Clicks Keyboard for iPhone
CES tends to show off the gadgets of the future, but the Clicks Keyboard Case for iPhone is a nod to the past. Clicks Technology's $139 iPhone case literally replaces your digital keyboard with a physical one. It features a retro keyboard with real buttons that click when pressed, offering the touchscreen smartphone that many old-schoolers crave. The Clicks keyboard is compatible with the iPhone 14 Pro or iPhone 15 Pro and Pro Max, and no charging is required.

Doublepoint Remote Control Concept for WearOS
Imagine being able to dim the lights in your living room with a twist of your wrist. Or browse Netflix with a few taps of your fingers. Finnish startup Double Point's new software can turn an Android watch into a remote control for any device via a Bluetooth connection. It's up to developers and app creators to decide what a small gesture like tapping your fingers or turning your wrist actually does, but it still offers exciting possibilities. WearOS watch software is expected to drop in the first half of this year.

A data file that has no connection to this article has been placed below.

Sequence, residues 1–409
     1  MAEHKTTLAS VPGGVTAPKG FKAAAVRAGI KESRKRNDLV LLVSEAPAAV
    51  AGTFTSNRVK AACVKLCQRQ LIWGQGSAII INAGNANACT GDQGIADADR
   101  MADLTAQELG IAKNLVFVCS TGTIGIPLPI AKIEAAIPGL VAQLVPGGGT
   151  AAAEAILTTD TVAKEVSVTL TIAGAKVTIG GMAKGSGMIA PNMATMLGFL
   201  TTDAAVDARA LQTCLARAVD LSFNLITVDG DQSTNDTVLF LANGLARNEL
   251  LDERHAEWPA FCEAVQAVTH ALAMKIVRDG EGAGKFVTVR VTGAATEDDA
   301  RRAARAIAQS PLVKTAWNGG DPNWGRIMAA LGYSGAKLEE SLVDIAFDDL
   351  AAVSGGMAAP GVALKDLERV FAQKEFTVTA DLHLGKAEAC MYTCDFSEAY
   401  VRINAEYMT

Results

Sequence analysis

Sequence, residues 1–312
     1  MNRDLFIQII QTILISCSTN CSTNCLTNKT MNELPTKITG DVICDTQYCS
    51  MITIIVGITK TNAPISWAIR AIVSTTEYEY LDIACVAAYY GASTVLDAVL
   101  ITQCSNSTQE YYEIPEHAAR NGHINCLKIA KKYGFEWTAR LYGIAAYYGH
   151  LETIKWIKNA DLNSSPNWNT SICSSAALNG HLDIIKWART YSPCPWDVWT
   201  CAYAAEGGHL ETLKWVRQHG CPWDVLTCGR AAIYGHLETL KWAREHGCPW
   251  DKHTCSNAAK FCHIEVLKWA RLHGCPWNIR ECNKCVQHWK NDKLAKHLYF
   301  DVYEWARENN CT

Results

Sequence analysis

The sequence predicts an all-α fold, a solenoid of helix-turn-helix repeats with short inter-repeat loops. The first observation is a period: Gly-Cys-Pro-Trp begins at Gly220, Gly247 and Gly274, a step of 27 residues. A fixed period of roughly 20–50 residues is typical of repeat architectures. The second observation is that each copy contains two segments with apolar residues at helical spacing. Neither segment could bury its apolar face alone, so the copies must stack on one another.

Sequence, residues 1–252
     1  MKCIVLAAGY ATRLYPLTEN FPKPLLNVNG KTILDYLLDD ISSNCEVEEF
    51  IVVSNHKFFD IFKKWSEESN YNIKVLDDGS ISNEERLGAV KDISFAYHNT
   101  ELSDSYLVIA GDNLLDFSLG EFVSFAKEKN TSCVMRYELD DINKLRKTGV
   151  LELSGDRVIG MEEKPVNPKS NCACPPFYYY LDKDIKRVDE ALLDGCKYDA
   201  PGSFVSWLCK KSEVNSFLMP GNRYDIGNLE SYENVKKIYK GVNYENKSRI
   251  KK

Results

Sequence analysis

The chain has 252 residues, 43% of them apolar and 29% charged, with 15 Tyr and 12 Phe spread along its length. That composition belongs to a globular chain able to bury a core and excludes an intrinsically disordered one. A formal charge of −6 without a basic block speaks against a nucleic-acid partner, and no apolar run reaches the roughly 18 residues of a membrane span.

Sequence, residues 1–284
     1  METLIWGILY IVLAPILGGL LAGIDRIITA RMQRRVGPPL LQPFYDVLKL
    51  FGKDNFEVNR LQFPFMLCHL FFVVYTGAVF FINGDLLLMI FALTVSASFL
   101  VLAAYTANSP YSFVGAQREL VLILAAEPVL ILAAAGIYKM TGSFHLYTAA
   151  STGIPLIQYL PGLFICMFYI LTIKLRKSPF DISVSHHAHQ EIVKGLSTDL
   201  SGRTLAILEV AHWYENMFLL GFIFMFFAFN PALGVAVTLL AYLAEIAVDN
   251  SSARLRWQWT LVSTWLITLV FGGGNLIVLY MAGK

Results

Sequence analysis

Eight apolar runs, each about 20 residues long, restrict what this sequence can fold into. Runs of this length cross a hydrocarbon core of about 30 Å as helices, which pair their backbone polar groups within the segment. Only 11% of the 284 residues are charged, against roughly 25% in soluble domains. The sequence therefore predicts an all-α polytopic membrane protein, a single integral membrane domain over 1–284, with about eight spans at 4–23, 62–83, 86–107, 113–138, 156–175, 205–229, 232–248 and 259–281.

Everything Electric
The Big Three American automakers — GM, Ford, and Stellantis — may not have had the glitzy displays and product unveilings, but a number of others were there to help cement CES as a major auto show. Honda, Kia, Mercedes-Benz, Sony, Turkey's Togg, and Vinfast showcased electric concepts and production cars at the event. At CES 2024, it wasn't just the big established car companies that took part. Electrification has penetrated all corners of transportation, from motorcycles and e-bikes to go-karts, big rigs, ships, and airplanes.

Hydrogen power is not new, but recently, it has taken a backseat to traditional battery-powered electric cars. This year's show floor was littered with hydrogen-powered vehicles of all sizes. Hyundai, which has a growing portfolio of battery electric cars, came to CES to talk about hydrogen fuel cells and its vision for an alternative fuel. Nikola has finally shown off one of its first US-made hydrogen trucks, which is starting to ship to customers, and Bosch, which already makes hydrogen fuel cells (like the one Nikola uses in his truck), has announced that it will make an engine that can burn hydrogen. Truck manufacturer PACCAR also demonstrated a hydrogen-powered truck.